Vehicular Heatstroke

Outside of crashes, heatstroke is the leading cause of death among children 14 and younger.

In 2017, 42 children lost their lives because they were left alone or forgotten in a hot car. Since 1998, more than 750 children have died due to vehicular heatstroke. More than half (54 percent) of these deaths were caused by a caregiver forgetting about a child, and nearly 30 percent from children finding a way to get into the vehicle.

Children are at higher risk of vehicular heatstroke because they may be too young to figure out how to get out of the car or let people know they need help. A child’s body temperature also rises three to five times faster than an adult.

picture of baby in car seat in the the car

Heatstroke Prevention

  • Never leave a child unattended in a car, even if they are asleep and don’t want to leave the car.
  • Place a purse, phone, stuffed animal or wallet next to the car seat to remind yourself a child is in the car.
  • Always lock the car and leave keys out of the reach of children.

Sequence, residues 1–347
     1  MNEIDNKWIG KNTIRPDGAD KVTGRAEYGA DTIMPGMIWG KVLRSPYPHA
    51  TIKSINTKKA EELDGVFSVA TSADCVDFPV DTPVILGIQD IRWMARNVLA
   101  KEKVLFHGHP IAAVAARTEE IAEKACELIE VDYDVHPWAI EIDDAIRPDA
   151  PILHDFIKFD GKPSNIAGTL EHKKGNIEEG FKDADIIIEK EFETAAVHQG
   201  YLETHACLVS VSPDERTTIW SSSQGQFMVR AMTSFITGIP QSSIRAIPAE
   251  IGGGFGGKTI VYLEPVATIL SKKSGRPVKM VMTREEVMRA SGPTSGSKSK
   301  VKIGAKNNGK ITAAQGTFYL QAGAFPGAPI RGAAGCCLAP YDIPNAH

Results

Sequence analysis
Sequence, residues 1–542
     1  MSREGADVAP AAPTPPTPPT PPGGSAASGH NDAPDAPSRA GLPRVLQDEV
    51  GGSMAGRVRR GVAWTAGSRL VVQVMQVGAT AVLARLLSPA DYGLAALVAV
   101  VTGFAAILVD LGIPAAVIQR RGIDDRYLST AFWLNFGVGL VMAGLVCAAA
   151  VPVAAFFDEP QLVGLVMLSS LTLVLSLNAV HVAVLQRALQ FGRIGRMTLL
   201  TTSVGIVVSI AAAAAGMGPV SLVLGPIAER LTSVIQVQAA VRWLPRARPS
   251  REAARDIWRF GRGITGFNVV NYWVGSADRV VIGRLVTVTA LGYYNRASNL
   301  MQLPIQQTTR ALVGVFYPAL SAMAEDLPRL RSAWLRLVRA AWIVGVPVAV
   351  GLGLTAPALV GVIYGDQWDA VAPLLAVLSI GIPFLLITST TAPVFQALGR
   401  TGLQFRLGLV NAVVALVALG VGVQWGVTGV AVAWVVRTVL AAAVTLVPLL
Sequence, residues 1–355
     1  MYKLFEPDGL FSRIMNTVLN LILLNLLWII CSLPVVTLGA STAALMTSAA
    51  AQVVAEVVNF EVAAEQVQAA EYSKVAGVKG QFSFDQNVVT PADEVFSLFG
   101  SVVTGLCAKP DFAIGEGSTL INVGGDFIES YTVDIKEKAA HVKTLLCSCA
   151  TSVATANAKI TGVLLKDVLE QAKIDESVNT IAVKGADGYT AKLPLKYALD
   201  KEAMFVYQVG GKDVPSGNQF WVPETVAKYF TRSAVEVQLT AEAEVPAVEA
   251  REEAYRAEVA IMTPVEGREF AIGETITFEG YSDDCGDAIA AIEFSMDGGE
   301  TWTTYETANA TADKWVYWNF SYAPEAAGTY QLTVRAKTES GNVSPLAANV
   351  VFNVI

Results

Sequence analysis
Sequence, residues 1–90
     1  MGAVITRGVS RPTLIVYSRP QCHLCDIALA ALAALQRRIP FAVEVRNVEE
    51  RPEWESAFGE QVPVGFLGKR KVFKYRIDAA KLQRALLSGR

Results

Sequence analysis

The inside of a car can heat up 20 degrees in only 10 minutes

Signs of Heatstroke

  • Red, hot, and moist or dry skin
  • No sweating
  • A strong rapid pulse or a slow weak pulse
  • A throbbing headache
  • Dizziness and Nausea
  • Confusion
  • Being grouchy or acting strangely

If you see a child in a hot vehicle:

  • See if the child is okay.
  • If not, Call 911.
  • Try to find the parents.
  • Have shopping center or business use PA system.

** Heatstroke deaths are 100 percent preventable so remember to “Look Before You Lock.” **



Go Safely LogoReal ID logoRebuilding CA Report Drunk Drivers Click it or Ticket  Child Safety Seats Checks Register to Vote Flex Alert Amber Alert